Disadvantaged by the lack of rhythmic feeding and abundance of natural prey, I re-positioned in hopes of improving my odds. A few casts later, a drag-free drift placed my fly right above my quarry. Sure enough it rose, gulped, and…I immediately pulled the fly from its mouth. Undeterred, I continued and repeated the same missed hook set at least half a dozen times before the fish began to ignore my attempts.
With the hatch transitioning from duns to spinners, I transitioned as well. Trading in my #20 CDC Trico Dun for a #24 Spent-wing Spinner.
Given my inability to set the #20, I doubted I would fare much better with the #24.
Sure enough the pattern persisted. Rise, gulp, set, miss…
By this point nearly two hours had passed, but I refused to move until I had netted this fish. Finally, by some stroke of luck, my hook set finally found flesh and the fight was on. Now to avoid breaking off my 6x tippet…
The tippet held though and I was amazed to see a 19″ Snake River Fine-spotted Cutthroat, not Brown trout, gracing my net.
Pleased with my perseverance, I called it a morning and went to find Jake among the crowd downstream.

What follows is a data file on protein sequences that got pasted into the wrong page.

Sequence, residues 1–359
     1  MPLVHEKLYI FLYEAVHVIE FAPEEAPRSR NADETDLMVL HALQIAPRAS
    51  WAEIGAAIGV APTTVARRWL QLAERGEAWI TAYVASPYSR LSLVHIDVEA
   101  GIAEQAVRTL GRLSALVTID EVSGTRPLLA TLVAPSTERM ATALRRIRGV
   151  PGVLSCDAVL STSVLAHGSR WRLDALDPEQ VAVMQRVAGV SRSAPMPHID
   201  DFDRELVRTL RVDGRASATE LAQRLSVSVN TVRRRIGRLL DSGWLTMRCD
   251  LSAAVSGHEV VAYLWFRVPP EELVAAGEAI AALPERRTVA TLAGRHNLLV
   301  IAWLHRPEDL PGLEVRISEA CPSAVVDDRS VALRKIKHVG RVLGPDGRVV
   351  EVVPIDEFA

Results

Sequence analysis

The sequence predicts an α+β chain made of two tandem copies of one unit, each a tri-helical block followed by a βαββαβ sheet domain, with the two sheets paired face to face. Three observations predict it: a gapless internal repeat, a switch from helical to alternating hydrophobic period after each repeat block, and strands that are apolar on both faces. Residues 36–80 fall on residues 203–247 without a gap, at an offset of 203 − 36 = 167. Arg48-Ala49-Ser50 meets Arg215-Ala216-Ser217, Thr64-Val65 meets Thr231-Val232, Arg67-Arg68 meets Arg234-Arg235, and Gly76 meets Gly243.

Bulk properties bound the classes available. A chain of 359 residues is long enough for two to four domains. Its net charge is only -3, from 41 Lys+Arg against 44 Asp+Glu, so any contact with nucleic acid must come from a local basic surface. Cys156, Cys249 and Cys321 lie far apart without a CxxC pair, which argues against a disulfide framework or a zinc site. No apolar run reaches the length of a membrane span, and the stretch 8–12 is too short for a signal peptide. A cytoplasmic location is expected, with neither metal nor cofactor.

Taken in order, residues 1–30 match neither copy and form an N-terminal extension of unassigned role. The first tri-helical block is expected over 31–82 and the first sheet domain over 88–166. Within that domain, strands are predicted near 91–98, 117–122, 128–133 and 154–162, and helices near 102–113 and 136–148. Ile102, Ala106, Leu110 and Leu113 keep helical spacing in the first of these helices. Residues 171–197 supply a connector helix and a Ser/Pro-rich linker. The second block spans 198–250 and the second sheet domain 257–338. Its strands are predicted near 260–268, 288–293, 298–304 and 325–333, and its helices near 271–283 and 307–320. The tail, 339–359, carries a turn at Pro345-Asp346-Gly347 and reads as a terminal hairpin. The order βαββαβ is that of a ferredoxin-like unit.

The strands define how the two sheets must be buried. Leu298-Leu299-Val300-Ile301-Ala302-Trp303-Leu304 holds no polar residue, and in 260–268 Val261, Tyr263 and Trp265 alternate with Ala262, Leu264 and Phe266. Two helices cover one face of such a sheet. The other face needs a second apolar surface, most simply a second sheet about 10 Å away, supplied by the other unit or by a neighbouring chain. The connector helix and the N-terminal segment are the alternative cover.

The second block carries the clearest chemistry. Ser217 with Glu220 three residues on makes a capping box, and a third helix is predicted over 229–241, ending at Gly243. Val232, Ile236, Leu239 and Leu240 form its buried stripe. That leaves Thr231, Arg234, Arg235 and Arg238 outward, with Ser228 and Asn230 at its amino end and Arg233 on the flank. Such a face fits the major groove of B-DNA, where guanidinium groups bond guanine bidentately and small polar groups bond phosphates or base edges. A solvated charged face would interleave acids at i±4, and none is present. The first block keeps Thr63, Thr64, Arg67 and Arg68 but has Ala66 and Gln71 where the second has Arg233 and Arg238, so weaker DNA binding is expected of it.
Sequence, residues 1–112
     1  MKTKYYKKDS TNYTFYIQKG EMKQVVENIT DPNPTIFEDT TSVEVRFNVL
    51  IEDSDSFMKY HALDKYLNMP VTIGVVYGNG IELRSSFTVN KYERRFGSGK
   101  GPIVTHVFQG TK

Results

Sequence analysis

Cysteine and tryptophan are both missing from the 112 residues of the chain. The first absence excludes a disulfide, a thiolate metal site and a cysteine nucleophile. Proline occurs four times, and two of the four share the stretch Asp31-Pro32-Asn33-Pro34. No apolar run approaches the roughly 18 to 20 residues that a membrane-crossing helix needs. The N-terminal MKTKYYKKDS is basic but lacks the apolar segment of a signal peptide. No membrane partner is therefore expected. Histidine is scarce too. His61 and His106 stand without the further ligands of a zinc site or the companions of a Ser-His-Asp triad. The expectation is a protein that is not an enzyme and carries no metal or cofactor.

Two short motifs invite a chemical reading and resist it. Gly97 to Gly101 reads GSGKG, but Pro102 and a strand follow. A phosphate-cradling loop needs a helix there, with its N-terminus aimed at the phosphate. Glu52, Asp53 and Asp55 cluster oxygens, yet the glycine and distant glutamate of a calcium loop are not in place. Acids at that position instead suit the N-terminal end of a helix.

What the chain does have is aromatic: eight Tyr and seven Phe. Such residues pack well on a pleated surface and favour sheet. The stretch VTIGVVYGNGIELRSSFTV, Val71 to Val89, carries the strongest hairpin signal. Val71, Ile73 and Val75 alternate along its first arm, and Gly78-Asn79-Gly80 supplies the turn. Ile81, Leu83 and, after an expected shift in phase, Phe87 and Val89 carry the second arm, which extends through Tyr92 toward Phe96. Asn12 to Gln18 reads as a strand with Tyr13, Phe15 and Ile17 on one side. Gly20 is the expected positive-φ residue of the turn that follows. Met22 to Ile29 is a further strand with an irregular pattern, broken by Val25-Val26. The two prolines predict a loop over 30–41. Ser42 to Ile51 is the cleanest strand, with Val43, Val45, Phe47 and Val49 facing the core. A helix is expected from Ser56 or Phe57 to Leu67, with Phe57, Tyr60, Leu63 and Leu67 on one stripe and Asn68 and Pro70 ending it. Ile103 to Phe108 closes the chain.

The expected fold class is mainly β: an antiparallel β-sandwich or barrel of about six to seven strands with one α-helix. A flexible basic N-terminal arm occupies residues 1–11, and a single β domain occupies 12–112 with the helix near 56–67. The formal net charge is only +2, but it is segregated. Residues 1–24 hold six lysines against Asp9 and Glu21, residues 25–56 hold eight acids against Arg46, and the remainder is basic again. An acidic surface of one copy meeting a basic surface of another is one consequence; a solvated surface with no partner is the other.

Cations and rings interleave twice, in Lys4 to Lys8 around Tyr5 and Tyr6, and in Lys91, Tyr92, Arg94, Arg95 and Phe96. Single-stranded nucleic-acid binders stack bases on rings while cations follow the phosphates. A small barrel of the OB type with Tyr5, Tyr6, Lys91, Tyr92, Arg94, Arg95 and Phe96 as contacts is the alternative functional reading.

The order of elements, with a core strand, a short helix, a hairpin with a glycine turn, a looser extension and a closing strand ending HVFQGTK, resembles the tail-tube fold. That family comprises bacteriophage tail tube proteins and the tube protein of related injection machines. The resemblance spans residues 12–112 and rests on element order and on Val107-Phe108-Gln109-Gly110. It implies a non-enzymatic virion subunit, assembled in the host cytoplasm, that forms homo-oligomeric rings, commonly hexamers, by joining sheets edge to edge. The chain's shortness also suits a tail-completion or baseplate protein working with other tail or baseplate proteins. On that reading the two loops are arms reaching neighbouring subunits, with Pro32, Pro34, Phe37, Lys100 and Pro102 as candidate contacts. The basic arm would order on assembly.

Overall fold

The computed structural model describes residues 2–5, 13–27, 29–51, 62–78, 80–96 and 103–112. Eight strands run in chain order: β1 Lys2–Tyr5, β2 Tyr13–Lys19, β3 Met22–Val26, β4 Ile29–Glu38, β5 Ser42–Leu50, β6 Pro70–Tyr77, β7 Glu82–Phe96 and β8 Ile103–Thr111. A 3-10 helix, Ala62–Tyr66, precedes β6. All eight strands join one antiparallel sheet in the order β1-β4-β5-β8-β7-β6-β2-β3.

As it turns out, I made the right call as six anglers accounted for a single broken tippet in time I had been gone.
Moving on, we spent the rest of the day exploring with far more fishing than catching to show for our effort. Jake did add a second brown to his tally late in the afternoon, but my drifts just weren’t perfect enough to fool the numerous trout that inhabited the gin clear pools and runs we targeted.
Returning to camp for dinner, we spotted risers along the same stretch of river Jake had fished in the morning. Now vacated as the day tripping anglers had begun their long drives back to Denver, we once again had the river to ourselves. The oft neglected evening Trico hatch was in full swing as the male duns emerged and prepared to wait out the long night in anticipation of their female counterpart’s morning arrival.